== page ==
The first U.S. wind auction for development rights in the Pacific Ocean attracted more than $757 million in winning bids Dec. 7 as developers looked to enter deepwater offshore California.

Provisional winners of the five wind leases areas, totaling nearly 373,270 acres offshore central and northern California, were RWE Offshore Wind Holdings, California North Floating, Equinor Wind US, Central California Offshore Wind and Invenergy California Offshore Wind.

The identities of the companies were unveiled after the end of the auction, which began Dec. 6 with multiple rounds of bidding and continued the next day after an evening recess.


Bidding Continues in Historic U.S. Floating Wind Auction Offshore California

The companies are expected to set the course for commercial-scale floating wind projects in the deepwater off the California coastline. Previous U.S. offshore lease sales have been in shallow-water in the Atlantic.

“Today’s lease sale is further proof that industry momentum—including for floating offshore wind development—is undeniable,” said Department of Interior Secretary Deb Haaland. “A sustainable, clean energy future is within our grasp, and the Interior Department is doing everything we can to ensure that American communities nationwide benefit.”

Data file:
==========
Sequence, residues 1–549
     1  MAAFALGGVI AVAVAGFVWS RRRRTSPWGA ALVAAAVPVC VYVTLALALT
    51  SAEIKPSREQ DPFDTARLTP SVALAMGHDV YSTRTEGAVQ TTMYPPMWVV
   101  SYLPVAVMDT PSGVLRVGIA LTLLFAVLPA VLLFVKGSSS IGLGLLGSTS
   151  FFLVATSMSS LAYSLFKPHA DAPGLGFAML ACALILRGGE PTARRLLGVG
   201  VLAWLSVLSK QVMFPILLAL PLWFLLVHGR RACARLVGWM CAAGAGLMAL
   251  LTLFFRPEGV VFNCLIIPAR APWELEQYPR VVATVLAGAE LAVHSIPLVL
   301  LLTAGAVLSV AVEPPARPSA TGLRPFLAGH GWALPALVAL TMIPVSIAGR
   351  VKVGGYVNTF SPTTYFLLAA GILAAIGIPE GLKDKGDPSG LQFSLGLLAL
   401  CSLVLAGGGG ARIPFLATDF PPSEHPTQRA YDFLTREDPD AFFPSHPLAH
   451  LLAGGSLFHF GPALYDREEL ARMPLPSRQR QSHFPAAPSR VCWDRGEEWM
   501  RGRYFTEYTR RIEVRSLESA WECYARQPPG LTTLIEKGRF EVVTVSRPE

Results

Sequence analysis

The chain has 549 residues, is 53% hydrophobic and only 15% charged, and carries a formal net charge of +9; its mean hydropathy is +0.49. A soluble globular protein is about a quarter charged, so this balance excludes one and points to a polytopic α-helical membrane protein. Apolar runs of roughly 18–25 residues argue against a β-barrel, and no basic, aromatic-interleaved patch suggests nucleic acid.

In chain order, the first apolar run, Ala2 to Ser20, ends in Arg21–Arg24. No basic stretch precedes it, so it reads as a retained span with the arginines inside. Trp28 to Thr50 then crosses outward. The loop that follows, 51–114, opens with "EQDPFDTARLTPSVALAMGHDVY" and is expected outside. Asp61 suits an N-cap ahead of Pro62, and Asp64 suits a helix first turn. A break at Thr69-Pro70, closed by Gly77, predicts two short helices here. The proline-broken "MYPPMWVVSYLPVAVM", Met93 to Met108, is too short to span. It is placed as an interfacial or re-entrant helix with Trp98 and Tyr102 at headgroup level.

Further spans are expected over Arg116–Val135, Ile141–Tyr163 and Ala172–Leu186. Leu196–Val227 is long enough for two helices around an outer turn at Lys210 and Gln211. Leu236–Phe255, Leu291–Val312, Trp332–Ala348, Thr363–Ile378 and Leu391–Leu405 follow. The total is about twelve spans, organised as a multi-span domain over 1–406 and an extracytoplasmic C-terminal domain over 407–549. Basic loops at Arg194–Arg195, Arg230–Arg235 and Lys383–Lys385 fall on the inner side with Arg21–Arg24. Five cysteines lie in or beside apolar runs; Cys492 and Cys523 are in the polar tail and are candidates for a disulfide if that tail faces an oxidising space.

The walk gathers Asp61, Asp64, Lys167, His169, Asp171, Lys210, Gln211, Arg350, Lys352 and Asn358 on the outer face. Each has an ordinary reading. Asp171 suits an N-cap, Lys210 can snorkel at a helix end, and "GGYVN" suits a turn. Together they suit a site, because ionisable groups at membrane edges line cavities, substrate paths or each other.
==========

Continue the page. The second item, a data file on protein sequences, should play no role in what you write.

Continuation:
Development of the wind energy areas will push the U.S. toward the Biden administration’s goal of deploying 30 gigawatts (GW) of offshore wind energy capacity by 2030 and 15 GW of floating offshore wind by 2035. The action will also move California closer to its ambitions of producing up to 5 GW of electricity from offshore wind by 2030 and 25 GW by 2045.

First Pacific Ocean Wind Energy Auction Garners OverRacks up $757 Million in Winning Bids

Winning high bids

Copenhagen Infrastructure Partners’ (CIP) California North Floating landed the 69,031-acre OCS-P 0562 lease area, which the company said has a potential capacity of more than 1 GW. Its $173.8 million bid was the sale’s highest.

“California is expected to develop into a key market for floating offshore wind and the auction represented a strong investment opportunity for us,” CIP Senior Partner Torsten Smed said.